My point about Sir Malcolm standing down had nothing to do with age, it was solely down to the simple truth that it would have been far more valuable to the party in terms of the next election to have a Deputy Leader who will need the increased coverage that the job will bring. Would feel the same way if it was an MP in the 30s stepping down. I greatly respect Sir Malcolm but I just don’t see the point of someone being Deputy Leader for such a short period of time – more than happy to be corrected if there is a solid reason!

    Also, I’d say it is unfair to say that the only complaints about Lorely not winning is because people wanted a female Deputy Leader. As I said in my first post, if Lorely had won it would have been far from a tokenist move as she is more than capable of fulfilling the role.


    Lorely kept the seat in 2010 after a boundary change that, in theory, took away her already small majority from 2005 and led the seat. I think she needed to win a couple of thousand extra votes just to secure victory. Given that Solihull is traditionally rock-solid, I grew up there and the thought of a LibDem winning seemed like pure fantasy, but she did twice at a time of a national swing to them which means she is a far better position than you suggest. She is a damn good campaigner and really gets out there in the community.

    @Tony Greaves

    Good points Tony, likely that the media will ignore this fact and will view it as a similar position to Labour’s Deputy Leader.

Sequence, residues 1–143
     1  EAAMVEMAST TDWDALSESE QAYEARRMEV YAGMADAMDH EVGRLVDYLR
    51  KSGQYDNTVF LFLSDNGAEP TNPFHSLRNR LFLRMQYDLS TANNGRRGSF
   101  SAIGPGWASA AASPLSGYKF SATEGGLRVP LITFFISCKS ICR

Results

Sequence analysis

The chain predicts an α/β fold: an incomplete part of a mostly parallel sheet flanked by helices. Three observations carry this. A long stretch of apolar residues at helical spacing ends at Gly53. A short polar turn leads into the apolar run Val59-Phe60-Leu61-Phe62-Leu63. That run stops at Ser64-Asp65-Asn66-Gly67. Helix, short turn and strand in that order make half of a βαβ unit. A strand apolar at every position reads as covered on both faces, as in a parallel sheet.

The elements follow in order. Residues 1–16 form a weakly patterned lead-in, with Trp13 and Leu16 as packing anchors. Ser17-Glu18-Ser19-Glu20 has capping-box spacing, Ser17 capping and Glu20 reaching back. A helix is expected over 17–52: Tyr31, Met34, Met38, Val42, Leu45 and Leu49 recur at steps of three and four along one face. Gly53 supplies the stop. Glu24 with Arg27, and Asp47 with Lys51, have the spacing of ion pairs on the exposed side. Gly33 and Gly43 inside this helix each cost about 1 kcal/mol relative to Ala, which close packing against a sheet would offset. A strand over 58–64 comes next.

• Has anyone – or will anyone outside the Party – ever noticed or cared who the Deputy Leader was?


  • @David

    Whenever they are on the media, yes. When Vince Cable was, yes.

  • Alexander Matthews 29th Jan '14 - 12:25pm

    ATF, I feel your point about him stepping down would hold more water were it certain anyone made leader of the Parliamentary Party would still be in that role after May 2015. As Vince showed anything can happen in Politics. I also believe – though I may be wrong on this point – that after the May election, the MPs have to re-vote anyway, so that means whoever gets it is only in the role for the short-term at this time.

    I do agree that Lorely is more than capable of doing the role; however, I also think Malcolm is more than capable of doing the role, so just saying she is more than capable of doing the role does not provide us a reason why she is a better candidate than Malcolm. Maybe I missed it, but I have not read any actual reasons why Lorely should have won beyond the fact she is a woman – which I find pretty tragic, actually, because as we both agree, she is a more than capable candidate. We should be focusing on her skill, not her just her gender, otherwise it leads people to think the only thing she actually had to offer that Malcolm did not was her gender.

  • ATF 29th Jan ’14 – 10:32am
    ……. ……. ……. When Vince Cable was, yes.